Electric vehicles (EVs) will meet the daily travel needs of drivers longer than commonly assumed, according to the first study of its kind carried out by scientists at the US Department of Energy's Lawrence Berkeley National Laboratory. Many drivers and much prior literature on the retirement of EV batteries have assumed that EV batteries will be retired after the battery has lost 20 percent of its energy storage or power delivery capability. This study shows that the daily travel needs of drivers continue to be met well beyond these levels of battery degradation. Samveg Saxena, who leads a vehicle powertrain research program at Berkeley Lab, analyzed real-world driving patterns and found that batteries that have lost 20 percent of their originally rated energy storage capacity can still meet the daily travel needs of more than 85 percent of U.S. drivers.
Forests close to urban areas, like all other types of forest areas, need to be properly managed in terms of both production and environmental considerations. One problem is that local residents have not known what is being done. In the Höör forestry operations area, Södra is now opening the door to improved dialogue.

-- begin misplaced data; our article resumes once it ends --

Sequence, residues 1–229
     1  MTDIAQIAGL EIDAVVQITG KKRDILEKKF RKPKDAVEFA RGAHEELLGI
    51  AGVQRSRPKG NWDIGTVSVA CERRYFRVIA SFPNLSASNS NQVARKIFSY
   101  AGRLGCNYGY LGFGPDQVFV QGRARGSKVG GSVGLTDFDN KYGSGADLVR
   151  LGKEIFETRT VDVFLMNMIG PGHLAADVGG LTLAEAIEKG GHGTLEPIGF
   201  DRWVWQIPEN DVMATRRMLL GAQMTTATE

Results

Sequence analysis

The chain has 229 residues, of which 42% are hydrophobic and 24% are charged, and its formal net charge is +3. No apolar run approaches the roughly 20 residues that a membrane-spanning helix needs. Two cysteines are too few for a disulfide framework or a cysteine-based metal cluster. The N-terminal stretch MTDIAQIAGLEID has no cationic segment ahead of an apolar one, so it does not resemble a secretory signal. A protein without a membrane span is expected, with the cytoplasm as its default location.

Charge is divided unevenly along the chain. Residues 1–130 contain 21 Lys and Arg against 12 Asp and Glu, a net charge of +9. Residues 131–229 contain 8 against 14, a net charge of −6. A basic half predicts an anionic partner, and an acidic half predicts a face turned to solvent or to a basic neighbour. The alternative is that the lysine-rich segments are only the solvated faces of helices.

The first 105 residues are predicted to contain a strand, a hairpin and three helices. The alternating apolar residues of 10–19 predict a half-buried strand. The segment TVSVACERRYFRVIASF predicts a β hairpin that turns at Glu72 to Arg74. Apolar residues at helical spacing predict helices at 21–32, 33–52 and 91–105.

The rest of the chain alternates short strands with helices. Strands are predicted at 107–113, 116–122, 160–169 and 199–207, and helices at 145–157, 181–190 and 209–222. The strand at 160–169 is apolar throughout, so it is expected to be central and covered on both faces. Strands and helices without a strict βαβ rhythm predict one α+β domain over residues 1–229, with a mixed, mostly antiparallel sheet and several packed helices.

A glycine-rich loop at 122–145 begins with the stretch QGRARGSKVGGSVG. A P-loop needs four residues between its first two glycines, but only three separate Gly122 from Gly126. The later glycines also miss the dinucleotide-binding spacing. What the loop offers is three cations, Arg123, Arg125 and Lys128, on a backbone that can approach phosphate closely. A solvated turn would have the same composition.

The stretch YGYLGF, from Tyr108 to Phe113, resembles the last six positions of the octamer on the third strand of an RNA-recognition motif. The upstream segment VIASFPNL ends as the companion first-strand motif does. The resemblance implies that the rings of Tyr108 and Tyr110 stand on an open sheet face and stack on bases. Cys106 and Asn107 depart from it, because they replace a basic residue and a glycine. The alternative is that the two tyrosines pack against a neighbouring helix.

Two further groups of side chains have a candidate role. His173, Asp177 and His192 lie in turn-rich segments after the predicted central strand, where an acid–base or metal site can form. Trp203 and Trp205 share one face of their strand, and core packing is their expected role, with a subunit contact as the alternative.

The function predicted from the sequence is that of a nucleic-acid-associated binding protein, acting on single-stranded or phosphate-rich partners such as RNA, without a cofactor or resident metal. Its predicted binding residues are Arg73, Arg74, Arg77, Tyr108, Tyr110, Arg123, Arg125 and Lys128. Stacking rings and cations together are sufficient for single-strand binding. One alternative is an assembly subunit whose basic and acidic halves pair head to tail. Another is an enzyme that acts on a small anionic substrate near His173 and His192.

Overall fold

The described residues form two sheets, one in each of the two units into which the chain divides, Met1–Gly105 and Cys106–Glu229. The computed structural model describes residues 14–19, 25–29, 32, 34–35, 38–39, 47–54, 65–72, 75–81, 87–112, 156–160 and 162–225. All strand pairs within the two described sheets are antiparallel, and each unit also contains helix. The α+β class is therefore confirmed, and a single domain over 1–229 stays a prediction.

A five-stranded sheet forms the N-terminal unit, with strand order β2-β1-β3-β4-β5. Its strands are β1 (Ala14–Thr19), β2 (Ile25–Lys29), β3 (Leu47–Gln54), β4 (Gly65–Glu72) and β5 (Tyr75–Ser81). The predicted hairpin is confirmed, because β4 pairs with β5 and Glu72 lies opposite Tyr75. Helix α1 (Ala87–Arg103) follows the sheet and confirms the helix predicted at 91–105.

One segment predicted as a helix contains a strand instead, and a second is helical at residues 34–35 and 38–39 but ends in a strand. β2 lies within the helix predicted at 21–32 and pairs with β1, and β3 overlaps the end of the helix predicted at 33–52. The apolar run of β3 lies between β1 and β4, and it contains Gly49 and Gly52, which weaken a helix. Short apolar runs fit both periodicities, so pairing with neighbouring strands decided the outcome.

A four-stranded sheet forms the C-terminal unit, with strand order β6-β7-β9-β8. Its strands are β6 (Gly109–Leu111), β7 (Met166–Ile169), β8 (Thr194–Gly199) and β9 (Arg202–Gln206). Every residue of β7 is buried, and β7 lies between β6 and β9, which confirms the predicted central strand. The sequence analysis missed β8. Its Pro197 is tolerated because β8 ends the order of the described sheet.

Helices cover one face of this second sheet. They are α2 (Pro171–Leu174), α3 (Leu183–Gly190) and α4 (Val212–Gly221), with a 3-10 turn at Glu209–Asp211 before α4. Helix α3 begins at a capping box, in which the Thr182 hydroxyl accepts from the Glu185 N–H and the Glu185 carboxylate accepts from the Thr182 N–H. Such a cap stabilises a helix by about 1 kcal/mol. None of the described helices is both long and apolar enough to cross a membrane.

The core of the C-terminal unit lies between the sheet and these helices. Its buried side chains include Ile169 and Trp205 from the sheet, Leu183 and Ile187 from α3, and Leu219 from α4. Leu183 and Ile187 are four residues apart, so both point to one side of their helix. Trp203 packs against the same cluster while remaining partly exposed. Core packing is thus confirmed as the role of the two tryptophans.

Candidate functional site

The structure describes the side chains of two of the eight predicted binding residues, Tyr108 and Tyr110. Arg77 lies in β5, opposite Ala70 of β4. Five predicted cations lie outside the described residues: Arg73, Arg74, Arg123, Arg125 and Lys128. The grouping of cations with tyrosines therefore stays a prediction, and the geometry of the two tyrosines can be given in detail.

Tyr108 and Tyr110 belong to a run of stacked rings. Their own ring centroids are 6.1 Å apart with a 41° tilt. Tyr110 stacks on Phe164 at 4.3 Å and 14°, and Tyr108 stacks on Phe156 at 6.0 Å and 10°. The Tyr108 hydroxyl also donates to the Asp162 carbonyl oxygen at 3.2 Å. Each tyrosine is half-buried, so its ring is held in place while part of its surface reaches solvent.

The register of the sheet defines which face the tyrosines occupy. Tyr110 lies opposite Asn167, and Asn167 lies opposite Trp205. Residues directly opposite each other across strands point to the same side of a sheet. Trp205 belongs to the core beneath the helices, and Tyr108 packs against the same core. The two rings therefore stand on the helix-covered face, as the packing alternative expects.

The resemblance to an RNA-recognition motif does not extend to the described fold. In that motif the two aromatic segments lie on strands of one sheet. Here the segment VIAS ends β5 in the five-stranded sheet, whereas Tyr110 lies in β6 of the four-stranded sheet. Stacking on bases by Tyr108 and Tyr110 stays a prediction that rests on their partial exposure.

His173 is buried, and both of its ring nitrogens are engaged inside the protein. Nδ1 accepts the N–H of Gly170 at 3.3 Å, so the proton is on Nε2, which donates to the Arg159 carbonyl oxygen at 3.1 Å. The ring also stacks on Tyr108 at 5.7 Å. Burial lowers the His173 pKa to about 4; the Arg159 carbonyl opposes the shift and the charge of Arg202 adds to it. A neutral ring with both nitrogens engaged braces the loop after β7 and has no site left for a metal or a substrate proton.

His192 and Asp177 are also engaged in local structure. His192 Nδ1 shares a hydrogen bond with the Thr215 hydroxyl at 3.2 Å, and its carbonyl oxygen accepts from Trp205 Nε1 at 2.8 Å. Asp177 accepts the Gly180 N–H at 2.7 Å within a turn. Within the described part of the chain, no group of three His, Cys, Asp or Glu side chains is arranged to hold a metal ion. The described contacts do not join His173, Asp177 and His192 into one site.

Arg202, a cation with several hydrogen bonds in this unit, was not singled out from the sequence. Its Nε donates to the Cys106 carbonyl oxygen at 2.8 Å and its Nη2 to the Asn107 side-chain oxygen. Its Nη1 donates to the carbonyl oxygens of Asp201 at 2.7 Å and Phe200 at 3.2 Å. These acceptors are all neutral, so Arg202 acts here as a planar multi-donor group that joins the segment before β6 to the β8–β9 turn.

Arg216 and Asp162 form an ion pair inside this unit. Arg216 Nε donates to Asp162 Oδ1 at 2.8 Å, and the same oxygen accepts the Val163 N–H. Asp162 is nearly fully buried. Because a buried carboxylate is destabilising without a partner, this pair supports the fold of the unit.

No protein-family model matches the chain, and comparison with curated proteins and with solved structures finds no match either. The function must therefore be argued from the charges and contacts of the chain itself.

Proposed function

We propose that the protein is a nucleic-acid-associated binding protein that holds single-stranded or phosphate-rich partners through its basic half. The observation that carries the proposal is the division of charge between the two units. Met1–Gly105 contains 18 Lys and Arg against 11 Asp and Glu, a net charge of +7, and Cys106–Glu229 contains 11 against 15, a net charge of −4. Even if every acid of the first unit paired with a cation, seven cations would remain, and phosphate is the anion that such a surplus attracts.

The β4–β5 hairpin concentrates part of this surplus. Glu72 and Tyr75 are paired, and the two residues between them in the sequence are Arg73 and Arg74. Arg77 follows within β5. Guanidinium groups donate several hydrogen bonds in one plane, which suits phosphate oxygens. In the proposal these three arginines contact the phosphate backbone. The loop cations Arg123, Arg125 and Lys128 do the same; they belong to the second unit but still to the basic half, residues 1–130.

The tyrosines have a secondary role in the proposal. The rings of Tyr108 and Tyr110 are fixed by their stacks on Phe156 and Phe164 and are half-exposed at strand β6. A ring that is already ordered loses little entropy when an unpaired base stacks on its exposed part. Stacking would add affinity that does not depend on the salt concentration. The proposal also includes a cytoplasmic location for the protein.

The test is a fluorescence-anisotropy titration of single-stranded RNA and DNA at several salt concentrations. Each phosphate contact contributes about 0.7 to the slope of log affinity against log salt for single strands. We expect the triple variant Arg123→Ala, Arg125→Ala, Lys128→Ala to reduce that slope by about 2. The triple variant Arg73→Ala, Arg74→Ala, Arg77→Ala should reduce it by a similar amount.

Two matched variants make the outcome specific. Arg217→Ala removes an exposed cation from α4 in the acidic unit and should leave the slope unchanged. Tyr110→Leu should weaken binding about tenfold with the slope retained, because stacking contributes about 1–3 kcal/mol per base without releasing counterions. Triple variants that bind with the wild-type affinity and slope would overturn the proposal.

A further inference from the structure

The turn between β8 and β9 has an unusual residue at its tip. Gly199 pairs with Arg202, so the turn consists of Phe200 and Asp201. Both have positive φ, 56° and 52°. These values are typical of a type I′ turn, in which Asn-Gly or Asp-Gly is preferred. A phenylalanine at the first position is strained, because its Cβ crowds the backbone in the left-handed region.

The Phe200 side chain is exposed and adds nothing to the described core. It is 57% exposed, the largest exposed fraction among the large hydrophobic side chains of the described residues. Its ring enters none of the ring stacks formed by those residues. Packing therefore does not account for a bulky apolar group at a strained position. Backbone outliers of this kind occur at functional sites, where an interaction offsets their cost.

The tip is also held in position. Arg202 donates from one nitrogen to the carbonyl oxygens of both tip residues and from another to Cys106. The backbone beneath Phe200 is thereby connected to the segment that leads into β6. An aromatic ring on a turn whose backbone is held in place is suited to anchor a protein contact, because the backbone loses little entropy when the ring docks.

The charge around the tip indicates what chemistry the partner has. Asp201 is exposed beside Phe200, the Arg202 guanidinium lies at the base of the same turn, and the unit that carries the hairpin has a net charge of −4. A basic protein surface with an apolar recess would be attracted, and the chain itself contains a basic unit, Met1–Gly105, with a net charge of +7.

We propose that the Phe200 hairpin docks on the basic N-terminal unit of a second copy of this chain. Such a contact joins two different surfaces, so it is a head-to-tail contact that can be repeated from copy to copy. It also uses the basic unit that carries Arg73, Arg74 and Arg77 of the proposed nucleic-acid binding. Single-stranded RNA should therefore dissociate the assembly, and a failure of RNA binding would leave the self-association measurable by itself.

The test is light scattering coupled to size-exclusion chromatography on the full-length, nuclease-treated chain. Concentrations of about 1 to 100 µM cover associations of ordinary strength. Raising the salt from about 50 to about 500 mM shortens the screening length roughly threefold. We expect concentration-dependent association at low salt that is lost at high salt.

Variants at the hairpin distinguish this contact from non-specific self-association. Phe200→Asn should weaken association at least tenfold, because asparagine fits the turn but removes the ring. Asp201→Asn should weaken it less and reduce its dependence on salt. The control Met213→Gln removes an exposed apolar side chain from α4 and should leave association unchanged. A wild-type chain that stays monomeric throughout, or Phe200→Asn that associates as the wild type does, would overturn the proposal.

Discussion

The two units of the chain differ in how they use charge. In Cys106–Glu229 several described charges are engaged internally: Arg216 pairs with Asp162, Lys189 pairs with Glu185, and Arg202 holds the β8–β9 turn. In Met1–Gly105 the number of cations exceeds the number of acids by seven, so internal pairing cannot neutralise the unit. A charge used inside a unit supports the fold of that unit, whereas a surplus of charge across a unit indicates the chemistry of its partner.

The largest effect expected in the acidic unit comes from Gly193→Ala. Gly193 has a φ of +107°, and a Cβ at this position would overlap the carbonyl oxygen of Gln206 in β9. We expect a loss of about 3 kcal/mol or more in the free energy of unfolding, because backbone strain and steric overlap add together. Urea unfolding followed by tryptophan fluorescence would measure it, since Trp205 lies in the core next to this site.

The aim is to provide information about planned activities, and to explain why various measures are carried out. In addition, local residents and other interested parties will be able to express their views and ask questions.
“An unannounced change can often be perceived as something undesirable, especially when it affects the local area. Forestry measures are undertaken with a purpose and they lead to change, sometimes in several stages. By explaining why the measures are being carried out, the outcome will be more positive,” says Johan Johnsson, Area Manager of the Höör forestry operations area.
Over the past year, the forestry operations area has focused on improving communication with local residents. Initiatives have included putting up information on site, publishing information on websites and dropping newsletters in letterboxes, as well as seeking direct contact with local residents. Over the summer, for example, Södra – in collaboration with the Municipality of Kristianstad – will invite local residents to participate in a meeting in Arkelstorp. The meeting will initiate dialogue around the measures that have been planned for forest land close to the residential area.
“Listening to the views of the people who live here is important. Dialogue is always a two-way process, we can’t just provide information,” says Johan Johnsson. “Although we have taken a few steps forward, there is still a great deal to be done. We will continue to refine this process.”